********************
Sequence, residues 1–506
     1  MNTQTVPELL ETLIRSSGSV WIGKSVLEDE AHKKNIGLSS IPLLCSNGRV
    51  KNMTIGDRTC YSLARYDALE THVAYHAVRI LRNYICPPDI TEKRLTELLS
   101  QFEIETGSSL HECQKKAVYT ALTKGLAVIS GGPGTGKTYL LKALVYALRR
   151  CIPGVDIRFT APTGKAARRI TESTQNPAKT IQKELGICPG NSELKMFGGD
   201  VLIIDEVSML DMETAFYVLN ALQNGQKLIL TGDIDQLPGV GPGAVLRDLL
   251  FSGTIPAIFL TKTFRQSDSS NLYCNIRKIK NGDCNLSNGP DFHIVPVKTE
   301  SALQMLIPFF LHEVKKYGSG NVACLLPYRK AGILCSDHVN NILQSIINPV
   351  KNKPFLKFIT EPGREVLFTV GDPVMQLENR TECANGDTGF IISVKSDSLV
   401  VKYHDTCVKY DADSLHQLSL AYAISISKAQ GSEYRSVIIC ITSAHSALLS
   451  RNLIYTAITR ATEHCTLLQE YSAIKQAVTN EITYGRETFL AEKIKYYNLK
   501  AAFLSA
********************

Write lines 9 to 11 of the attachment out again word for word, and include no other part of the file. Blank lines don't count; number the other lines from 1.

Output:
   351  KNKPFLKFIT EPGREVLFTV GDPVMQLENR TECANGDTGF IISVKSDSLV
   401  VKYHDTCVKY DADSLHQLSL AYAISISKAQ GSEYRSVIIC ITSAHSALLS
   451  RNLIYTAITR ATEHCTLLQE YSAIKQAVTN EITYGRETFL AEKIKYYNLK